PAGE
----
Stencils date to ancient Greece and Rome and have endured because they are attractive, relatively easy to produce and inexpensive. Plus, they aren't just for walls anymore.
Modern stencil work can be found in such unexpected places as furniture, lamp shades and vases — even floors, doors and windows.
Stencils are a great way to add interest and color to a room, said Manhattan designer Florence de Dampierre, author of "Walls: The Best of Decorative Treatments" (Rizzoli, 2011).
"They last, and you don't need to be an incredible artist to do them," de Dampierre said. "You can buy them at any craft store or create them yourself by tracing a picture you like."
Best of all, stencil work is easy to fix or retouch if you mess up, or leave imperfections to add character, said designer Cynthia Merrick, who likes to use stencil work to give homes a vintage look.
"If it's looking like peeling wallpaper, then that is OK," said Merrick of Cynthia Leigh Designs in Atlanta. "It doesn't have to be perfect; so it's not something to be afraid of. It's just paint. You can always go right over it."
Part of the appeal of stencils is their versatility, said designer Jamie Duncan of Designer's Haven in Leesburg, Fla.
"There is a wide array of stencil designs on the market — modern, retro, whimsical, graphical — if you can name it, it probably exists," she said. "And if not, you can always make your own."
The look and placement of the design is limited only by your imagination.
"Depending on the effect that you are trying to achieve, layering and mixing patterns to create depth and interest is a great idea," Duncan said. "The only guideline I have is to choose what you like. Be as creative or as daring as you want. Experiment with colors, finishes, sizes and patterns."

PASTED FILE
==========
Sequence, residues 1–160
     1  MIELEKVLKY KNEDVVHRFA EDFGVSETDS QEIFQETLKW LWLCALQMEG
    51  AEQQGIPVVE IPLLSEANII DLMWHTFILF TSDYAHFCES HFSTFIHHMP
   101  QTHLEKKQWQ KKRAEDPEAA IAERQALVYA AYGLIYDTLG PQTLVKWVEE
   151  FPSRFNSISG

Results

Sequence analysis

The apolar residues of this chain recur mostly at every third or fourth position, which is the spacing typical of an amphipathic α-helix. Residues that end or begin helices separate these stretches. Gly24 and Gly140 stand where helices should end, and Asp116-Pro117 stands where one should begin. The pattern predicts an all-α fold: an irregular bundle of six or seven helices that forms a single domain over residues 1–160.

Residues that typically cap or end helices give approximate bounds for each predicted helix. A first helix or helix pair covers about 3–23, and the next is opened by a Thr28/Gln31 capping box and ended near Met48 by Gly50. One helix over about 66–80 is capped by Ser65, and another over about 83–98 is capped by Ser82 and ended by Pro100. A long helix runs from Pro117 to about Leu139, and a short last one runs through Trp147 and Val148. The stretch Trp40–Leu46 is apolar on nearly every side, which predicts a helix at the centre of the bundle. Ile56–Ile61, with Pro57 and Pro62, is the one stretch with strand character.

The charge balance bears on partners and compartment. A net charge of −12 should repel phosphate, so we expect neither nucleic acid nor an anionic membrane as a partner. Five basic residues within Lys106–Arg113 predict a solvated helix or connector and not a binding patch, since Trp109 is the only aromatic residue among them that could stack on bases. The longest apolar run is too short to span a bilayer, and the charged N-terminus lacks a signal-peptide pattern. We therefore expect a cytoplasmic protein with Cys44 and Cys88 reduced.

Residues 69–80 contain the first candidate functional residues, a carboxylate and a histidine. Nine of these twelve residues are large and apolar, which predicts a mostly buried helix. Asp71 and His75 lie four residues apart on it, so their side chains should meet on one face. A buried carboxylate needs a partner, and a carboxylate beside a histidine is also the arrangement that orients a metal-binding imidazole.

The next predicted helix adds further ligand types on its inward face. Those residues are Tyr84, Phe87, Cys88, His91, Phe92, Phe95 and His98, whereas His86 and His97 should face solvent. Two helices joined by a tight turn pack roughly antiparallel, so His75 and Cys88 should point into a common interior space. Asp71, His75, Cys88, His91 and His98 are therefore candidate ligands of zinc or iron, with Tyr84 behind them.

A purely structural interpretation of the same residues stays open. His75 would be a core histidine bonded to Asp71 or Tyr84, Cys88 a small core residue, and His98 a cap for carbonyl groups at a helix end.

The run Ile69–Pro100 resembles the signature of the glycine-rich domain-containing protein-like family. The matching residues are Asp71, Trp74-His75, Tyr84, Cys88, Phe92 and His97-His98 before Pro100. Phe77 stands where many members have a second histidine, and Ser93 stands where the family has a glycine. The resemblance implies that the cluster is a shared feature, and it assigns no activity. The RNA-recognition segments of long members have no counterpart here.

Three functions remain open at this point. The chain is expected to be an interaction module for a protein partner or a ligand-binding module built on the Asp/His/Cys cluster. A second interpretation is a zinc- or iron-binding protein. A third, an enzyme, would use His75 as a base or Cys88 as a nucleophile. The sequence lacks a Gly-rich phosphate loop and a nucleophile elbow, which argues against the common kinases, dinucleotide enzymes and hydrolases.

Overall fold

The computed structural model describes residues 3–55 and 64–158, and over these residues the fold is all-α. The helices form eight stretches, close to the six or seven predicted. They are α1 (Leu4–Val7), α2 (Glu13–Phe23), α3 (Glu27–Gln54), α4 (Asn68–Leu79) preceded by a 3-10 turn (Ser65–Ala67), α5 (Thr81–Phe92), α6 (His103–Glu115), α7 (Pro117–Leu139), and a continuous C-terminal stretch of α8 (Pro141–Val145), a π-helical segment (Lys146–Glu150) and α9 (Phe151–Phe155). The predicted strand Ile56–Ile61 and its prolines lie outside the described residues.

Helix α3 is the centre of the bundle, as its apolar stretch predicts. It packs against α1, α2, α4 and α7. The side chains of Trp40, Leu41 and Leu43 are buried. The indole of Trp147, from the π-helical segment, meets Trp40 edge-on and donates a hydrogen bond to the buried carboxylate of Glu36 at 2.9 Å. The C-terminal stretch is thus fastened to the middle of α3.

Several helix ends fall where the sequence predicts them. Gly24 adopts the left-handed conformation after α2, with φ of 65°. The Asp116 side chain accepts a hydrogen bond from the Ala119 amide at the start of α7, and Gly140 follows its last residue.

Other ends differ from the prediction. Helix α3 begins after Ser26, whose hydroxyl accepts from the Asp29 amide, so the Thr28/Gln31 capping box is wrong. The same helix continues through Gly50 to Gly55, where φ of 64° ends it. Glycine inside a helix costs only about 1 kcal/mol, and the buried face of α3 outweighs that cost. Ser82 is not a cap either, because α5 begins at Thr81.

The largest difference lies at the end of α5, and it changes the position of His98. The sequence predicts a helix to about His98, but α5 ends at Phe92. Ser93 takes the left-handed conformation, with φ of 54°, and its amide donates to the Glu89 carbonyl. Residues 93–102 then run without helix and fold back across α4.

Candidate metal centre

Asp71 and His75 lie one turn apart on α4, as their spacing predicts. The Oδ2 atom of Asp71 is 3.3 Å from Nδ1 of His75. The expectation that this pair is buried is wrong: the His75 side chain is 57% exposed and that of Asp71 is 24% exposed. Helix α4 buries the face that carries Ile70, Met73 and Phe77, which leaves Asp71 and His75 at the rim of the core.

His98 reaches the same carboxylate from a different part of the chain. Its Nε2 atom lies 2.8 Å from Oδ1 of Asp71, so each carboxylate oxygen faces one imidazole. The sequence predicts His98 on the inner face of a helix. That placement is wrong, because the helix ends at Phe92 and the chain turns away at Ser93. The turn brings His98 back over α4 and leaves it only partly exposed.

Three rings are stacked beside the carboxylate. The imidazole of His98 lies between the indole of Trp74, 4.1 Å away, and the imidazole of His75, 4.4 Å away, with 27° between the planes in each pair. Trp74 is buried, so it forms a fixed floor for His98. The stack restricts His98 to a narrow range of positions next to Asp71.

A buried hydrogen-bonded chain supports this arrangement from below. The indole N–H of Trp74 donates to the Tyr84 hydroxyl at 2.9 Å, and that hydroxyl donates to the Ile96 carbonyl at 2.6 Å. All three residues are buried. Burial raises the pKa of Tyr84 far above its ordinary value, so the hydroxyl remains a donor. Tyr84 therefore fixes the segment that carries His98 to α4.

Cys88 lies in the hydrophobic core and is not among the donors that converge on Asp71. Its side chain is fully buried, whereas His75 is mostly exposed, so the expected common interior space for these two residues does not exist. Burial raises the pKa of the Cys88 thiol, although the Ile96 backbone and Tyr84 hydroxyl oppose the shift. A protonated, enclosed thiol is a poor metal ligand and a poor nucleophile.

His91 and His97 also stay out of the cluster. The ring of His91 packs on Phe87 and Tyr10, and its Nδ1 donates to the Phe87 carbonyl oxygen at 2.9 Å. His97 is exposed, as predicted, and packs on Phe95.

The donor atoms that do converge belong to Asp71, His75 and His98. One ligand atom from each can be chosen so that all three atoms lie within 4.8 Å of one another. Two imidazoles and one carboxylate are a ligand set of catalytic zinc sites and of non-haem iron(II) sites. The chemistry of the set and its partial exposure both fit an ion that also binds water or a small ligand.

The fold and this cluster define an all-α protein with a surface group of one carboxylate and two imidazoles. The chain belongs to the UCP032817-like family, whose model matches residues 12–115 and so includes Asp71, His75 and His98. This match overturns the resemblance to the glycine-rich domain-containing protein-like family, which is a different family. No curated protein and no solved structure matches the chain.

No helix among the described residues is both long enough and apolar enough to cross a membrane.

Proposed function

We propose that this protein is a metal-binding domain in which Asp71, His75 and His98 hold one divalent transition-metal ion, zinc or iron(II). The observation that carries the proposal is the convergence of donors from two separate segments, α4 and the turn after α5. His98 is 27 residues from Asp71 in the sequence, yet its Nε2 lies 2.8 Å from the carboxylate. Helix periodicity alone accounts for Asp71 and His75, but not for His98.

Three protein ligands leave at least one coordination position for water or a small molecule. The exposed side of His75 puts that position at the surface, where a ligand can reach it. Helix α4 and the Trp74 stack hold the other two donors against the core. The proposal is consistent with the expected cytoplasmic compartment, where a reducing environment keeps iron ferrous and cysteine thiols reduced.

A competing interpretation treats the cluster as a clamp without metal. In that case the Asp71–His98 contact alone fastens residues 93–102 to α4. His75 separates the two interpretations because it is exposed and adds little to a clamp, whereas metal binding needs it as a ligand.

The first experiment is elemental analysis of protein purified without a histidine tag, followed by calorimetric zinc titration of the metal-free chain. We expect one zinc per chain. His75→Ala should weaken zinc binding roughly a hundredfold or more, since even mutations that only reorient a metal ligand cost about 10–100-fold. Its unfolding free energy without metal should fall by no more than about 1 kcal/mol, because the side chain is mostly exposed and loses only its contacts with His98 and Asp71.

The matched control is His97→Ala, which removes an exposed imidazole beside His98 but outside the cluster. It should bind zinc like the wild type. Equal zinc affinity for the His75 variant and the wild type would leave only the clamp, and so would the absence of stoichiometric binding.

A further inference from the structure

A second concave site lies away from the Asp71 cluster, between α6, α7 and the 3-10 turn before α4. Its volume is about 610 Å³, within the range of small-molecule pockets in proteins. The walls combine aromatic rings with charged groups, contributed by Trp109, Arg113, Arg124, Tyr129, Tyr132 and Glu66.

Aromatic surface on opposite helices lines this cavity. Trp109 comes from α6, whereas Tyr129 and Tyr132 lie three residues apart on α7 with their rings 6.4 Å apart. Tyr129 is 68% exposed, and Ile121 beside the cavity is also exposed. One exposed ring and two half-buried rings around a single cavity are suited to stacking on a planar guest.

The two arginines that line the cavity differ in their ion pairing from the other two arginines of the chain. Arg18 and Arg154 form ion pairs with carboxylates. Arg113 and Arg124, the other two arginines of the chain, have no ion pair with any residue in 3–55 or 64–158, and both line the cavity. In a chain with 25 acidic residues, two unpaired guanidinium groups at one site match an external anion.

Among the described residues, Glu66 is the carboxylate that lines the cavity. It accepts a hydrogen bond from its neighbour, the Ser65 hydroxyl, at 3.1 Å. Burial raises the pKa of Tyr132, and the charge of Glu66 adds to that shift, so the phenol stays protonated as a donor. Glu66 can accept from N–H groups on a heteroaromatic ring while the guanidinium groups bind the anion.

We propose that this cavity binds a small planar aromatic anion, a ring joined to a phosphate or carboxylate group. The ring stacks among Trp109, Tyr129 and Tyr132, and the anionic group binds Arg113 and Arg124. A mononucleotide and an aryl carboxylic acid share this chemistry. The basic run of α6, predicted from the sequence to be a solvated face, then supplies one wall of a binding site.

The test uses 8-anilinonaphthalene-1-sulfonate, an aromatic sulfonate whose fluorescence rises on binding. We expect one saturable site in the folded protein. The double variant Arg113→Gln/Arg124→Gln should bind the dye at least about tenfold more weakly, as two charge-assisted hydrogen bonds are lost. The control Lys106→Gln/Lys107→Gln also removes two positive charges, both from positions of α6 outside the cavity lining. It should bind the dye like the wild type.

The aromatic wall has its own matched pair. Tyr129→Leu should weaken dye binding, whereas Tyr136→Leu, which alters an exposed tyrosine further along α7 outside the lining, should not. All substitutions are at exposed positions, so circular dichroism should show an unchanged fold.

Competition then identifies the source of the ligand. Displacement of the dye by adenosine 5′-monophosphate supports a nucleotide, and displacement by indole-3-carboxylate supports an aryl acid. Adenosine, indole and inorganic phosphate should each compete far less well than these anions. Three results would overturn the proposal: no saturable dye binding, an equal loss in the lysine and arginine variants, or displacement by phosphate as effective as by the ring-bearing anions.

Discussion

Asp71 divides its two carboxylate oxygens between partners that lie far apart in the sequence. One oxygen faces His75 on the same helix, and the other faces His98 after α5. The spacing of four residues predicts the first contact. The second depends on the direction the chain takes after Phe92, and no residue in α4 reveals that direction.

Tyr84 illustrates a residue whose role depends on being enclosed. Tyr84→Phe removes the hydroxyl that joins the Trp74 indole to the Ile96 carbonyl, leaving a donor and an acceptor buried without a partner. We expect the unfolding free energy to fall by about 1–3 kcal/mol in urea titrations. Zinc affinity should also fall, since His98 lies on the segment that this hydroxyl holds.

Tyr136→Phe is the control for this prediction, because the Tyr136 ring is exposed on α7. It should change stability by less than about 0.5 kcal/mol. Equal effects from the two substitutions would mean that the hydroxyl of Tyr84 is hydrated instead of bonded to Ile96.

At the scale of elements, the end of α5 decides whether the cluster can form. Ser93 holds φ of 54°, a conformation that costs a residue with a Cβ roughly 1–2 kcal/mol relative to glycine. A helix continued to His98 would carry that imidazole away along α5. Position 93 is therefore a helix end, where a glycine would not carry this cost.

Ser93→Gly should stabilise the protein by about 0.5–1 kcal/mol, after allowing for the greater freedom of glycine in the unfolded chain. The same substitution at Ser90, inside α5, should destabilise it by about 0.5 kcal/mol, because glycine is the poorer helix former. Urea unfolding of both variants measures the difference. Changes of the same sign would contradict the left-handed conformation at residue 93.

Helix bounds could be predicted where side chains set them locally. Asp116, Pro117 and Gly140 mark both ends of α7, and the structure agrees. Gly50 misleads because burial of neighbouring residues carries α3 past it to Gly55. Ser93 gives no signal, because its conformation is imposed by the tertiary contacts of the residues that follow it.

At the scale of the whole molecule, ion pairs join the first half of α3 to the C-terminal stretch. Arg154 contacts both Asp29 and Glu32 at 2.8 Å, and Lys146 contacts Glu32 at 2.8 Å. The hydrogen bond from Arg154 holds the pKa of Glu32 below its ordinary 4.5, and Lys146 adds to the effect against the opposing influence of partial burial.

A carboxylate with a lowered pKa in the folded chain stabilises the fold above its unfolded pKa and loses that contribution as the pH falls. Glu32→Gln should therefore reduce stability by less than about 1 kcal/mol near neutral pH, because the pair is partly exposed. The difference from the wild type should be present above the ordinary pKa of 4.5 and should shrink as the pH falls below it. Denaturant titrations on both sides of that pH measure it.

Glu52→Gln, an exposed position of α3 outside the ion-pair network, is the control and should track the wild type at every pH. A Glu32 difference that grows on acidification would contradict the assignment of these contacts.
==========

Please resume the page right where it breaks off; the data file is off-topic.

Here are some tips to keep in mind when plotting out a stenciling project:
* Do a test run: Practice a few times on some paper or cardboard. Once the images looks good, move to the ultimate surface.
* Measure carefully, then trace in pencil: Don't commit too soon with paint only to find the stencil work isn't positioned right. If the pencil outline isn't spaced correctly, it can always be erased and redone.
* Tape stencil to the surface: A stencil that moves around will not create a clean image because it allows paint to seep into unwanted spaces.
* Make sure paint has the right consistency: If it's too thin, it may drip. If it's too thick, it could look lumpy.
* Choose the correct paint: Is the stencil work destined for indoors or outside subjected to the elements? Will it go on fabric? Wood? Drywall? Paint store experts can advise on the best choice for a particular project.
* Use the right brush: Stiff-bristled brushes with flat tops are better for dabbing and swirling. Brush dry on a textured surface before purchasing to see if they shed.
* Use the right roller: A dense foam roller will drip less than a standard fluffy roller that holds too much paint.
* Blot excess paint: Wipe brushes, rollers or sponges on a napkin or paper towel before beginning. Too much paint increases the likelihood of dripping or seeping, and can render a lumpy appearance.